Clementines appear in our markets in the greyest of seasons like bright neon-orange packets of sunshine.
They stand proud on the tables at Christmas gatherings in Italy, which coincides with their prime picking months when they are at their juicy best.
The clementine comes from the group of mandarins, along with tangelos, tangerines and satsumas, just to name a few, which are all closely related to each other on the citrus family tree.
ORIGINS OF THE CLEMENTINE
The clementine (citrus x clementina) is a descendent of the mandarin which, along with the pomelo and citron, is known as one of the most ancient citrus varieties.
There are two main theories as to the discovery of the clementine: one is that it was discovered in 1902 by Clément Rodier, a French missionary in the garden of an orphanage in Algeria, whilst the second, more recent theory, is that it is of oriental origins, noting its remarkable similarity to the Canton mandarin that has been widely grown in China for thousands of years.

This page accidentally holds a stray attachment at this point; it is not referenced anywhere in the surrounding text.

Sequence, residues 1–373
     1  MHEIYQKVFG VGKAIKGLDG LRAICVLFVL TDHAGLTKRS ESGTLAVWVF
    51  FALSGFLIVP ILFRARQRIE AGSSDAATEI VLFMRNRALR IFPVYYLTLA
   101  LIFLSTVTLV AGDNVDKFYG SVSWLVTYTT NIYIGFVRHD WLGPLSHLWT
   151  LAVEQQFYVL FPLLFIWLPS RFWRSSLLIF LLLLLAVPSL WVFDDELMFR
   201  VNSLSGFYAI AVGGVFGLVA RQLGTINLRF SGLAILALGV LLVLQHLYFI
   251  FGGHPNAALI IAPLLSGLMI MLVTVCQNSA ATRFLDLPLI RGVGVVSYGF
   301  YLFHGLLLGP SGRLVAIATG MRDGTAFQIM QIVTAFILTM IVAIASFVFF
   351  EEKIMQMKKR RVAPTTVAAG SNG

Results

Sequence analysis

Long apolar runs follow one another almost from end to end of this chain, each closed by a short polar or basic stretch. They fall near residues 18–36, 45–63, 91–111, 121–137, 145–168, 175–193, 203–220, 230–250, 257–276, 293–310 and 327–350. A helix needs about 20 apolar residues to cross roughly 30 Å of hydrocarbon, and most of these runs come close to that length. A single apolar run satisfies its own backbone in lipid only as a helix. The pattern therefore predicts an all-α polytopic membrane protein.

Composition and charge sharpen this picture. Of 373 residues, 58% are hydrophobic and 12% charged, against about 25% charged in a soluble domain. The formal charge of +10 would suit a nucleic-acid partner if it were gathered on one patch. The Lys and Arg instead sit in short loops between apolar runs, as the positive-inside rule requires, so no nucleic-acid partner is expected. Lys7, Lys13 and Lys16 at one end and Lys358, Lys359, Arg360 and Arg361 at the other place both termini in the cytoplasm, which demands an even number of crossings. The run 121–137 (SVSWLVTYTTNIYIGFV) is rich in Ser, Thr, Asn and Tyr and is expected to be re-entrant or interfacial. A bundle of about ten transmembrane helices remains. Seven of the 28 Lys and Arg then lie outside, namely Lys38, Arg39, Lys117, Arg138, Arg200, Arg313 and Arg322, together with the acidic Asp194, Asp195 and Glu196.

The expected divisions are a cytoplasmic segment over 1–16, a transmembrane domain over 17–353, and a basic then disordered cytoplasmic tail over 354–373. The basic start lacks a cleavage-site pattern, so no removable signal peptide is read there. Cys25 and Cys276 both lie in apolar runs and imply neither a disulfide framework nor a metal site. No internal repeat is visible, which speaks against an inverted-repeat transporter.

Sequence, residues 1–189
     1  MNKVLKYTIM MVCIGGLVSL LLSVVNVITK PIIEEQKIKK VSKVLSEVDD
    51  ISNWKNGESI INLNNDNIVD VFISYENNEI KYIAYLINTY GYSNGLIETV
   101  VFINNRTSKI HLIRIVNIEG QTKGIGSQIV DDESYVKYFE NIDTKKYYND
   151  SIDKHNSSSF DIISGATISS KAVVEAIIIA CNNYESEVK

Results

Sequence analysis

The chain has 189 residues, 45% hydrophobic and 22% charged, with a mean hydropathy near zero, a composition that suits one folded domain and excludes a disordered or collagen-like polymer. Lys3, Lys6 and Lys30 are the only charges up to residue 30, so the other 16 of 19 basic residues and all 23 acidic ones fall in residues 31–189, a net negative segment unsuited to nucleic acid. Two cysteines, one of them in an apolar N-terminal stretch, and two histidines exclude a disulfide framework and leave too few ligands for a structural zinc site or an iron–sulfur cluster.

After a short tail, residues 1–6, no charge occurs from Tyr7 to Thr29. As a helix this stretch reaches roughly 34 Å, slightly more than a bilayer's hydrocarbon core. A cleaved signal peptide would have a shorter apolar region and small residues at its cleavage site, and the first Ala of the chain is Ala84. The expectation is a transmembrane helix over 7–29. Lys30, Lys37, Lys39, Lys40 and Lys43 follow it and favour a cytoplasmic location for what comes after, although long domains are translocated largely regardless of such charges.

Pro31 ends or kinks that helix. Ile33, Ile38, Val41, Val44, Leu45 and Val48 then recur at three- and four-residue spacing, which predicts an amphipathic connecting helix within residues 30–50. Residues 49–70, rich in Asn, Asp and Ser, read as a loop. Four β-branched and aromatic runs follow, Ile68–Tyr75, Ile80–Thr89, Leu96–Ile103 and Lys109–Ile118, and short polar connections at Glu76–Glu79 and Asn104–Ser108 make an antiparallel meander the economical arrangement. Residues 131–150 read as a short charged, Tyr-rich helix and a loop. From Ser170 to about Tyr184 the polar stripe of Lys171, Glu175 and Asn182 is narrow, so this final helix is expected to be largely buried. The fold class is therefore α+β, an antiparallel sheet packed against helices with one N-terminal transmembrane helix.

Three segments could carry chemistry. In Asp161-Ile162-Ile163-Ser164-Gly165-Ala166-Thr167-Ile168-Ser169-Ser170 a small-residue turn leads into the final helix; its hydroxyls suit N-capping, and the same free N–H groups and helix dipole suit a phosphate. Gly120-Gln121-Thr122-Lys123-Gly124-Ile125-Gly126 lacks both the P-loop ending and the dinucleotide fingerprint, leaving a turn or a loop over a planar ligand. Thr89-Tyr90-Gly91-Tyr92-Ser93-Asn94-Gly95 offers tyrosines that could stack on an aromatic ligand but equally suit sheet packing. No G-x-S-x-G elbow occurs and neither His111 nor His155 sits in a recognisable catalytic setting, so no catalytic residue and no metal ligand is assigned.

Often it could be difficult to distinguish a clementine from a mandarin or a tangerine.
Here are some distinguishing properties of the clementine that will guide you through your citrus-binge over the festive season.
- Clementines, in Italy, are often presented along with their branches and leaves intact, as opposed to other varieties.
- The peel is smooth and glossy, and tightly bound to the juicy flesh inside, but always easy to peel!
- Clementines tend to be smaller than mandarins and are practically seedless.